1) Free public college education: Sanders’ argument for this seems to be unobjectionable. A half century ago a high school education was required for a decent job; and every American was entitled to free public high school education. We’re coming to a time when a college degree will be essential for a decent job. Shouldn’t all Americans be able to get one, even if they come from a low-income family? And there’s another consideration. Shouldn’t today’s parents be freed from the anxiety of worrying about whether they can afford to send their children to college? I just returned from a visit to a friend in Europe who has been unemployed (from no fault of his own) for several years, and whose wife recently died. His children are of college age, and in America, he would be in no position to send them, but in the country where he lives, he can send them for free, and they are doing splendidly. Shouldn’t the United States aspire to this? (And note that it should be done as a universal New Deal-style program, as Sanders proposes, and not as another neo-liberal means-tested program that will invite all kinds of Tea Party-type resentments.)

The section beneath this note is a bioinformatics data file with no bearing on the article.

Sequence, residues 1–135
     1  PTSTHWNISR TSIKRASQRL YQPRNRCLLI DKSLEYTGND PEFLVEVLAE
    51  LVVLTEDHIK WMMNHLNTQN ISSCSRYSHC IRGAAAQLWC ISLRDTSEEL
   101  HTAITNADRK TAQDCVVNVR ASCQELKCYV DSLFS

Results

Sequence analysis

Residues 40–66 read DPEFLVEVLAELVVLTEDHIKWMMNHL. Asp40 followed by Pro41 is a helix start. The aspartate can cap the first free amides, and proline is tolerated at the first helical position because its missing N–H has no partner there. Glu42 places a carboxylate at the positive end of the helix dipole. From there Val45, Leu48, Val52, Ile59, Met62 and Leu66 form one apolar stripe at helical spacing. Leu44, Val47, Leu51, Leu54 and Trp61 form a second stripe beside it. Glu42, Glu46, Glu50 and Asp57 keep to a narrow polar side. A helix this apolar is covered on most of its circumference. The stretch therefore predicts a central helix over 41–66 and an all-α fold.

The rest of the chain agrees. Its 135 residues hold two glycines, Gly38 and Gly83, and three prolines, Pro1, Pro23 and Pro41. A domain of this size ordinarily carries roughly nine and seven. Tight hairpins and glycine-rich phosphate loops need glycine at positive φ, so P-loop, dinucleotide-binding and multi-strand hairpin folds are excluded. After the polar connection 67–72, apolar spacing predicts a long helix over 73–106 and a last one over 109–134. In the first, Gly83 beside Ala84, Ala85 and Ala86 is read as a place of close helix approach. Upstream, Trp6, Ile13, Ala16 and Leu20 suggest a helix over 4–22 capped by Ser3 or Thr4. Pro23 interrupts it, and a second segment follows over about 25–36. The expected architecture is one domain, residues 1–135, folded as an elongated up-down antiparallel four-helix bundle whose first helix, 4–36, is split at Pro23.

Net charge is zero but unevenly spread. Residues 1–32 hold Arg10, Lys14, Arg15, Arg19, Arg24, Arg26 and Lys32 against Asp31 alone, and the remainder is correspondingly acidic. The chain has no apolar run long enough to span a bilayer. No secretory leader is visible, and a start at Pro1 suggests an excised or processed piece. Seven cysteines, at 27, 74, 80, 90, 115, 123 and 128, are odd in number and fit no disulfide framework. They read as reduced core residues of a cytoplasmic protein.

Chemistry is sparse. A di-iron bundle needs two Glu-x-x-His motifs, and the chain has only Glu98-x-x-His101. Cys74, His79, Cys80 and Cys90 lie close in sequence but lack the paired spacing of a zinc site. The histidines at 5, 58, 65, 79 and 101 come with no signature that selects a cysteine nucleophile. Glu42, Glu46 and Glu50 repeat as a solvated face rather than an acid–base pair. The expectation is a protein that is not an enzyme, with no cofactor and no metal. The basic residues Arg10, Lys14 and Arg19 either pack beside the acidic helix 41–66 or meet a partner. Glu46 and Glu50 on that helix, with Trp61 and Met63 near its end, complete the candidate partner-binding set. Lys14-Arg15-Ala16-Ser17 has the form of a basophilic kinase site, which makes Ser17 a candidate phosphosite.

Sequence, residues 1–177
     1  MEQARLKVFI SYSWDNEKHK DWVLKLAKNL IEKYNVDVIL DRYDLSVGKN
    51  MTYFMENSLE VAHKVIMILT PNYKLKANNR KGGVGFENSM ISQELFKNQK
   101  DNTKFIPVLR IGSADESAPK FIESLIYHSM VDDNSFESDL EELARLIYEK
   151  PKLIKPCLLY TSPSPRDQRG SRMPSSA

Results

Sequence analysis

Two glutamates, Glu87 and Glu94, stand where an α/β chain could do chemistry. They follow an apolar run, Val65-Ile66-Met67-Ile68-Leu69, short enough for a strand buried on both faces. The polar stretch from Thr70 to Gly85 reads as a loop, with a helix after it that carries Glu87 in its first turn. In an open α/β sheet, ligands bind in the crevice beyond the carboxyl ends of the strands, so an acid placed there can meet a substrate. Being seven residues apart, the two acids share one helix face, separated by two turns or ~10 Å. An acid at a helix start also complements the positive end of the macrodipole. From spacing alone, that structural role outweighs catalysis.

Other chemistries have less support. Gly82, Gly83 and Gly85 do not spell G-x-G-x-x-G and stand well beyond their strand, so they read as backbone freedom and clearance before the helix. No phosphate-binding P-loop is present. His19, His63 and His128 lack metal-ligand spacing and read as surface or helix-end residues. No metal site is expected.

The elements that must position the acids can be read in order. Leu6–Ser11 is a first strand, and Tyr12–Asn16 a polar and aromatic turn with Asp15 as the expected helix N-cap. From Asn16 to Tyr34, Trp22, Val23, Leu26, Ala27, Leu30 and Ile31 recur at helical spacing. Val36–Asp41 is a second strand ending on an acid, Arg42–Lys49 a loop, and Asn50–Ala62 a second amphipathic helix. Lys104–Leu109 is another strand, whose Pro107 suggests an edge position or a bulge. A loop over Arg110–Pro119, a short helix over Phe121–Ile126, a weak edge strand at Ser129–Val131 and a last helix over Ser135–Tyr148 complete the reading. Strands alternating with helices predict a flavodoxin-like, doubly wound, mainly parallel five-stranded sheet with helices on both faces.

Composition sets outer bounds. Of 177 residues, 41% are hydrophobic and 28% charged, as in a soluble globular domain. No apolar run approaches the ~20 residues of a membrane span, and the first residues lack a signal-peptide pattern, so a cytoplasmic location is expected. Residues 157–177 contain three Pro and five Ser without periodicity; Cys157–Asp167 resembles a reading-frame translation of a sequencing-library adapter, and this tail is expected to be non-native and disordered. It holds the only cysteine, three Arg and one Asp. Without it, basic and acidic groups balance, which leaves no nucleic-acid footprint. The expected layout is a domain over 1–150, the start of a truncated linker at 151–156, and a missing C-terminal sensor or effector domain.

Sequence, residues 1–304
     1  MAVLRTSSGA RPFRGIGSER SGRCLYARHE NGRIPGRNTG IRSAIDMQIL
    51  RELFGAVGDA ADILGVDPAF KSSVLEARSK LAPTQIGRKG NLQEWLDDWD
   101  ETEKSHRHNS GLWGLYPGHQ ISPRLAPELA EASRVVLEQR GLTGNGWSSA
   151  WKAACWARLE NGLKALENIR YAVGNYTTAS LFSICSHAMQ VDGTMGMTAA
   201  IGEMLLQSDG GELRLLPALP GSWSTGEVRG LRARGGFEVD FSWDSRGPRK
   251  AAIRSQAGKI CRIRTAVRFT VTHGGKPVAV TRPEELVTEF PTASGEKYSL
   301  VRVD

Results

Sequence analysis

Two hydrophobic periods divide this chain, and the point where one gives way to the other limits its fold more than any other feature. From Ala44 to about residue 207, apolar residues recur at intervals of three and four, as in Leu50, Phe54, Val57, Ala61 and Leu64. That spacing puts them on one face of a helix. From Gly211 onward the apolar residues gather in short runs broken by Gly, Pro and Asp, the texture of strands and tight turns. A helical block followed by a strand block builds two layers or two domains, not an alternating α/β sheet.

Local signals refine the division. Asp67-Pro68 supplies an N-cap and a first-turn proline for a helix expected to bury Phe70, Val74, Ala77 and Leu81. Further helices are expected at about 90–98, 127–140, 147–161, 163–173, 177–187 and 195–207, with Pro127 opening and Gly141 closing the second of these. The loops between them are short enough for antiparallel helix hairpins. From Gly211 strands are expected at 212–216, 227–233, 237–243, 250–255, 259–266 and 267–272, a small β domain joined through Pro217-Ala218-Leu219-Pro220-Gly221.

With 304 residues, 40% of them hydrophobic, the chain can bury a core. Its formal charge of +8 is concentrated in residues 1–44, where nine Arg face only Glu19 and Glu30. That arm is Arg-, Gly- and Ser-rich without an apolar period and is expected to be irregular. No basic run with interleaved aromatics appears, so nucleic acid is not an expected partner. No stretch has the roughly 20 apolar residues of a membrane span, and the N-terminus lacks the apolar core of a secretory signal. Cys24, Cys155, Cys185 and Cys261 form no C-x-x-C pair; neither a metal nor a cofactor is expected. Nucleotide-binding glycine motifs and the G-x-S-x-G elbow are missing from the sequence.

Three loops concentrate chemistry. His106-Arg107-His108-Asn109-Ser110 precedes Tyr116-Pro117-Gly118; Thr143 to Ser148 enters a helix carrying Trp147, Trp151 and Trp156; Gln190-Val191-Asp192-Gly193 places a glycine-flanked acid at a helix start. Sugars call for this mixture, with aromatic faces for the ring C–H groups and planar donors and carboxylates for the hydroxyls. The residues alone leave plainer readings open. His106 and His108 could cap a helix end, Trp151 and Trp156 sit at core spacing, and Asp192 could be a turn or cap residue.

2) Medicare for all: I wouldn’t recommend extending the current Medicare program, because it is becoming a Byzantine mess (I was recently denied Medicare coverage because of some regulation about registration that neither I nor the people I asked at AARP had ever heard of.) What Sanders is proposing is that healthcare coverage began at birth for every American and be financed through taxes rather than through a crazy quilt of premiums, deductibles, co-payments, welfare subsidies, tax credits and what have you. Yes, that suggests that the Affordable Care Act (Obamacare) is inadequate. I am not prepared to defend that assertion against the health experts who stand ready to insist that it is the be-all and end-all, but I have had enough experience with my family and friends to know that it, too, is a mess. It’s not universal, it depends too much on the middle class insured subsidizing the uninsured (again a cause for resentment), coverage is very spotty, and the rules regulating small businesses, the self-employed – you name it – require a degree in health care accounting to comprehend. Amend it for the time being, but in the long run, America should aspire toward a system much more similar to those in Europe, where, besides guaranteeing universal access, makes medical school free to those who qualify and go on to practice, and where, as a result, doctors don’t need to make $400,000 a year to pay back loans. (See proposal #1)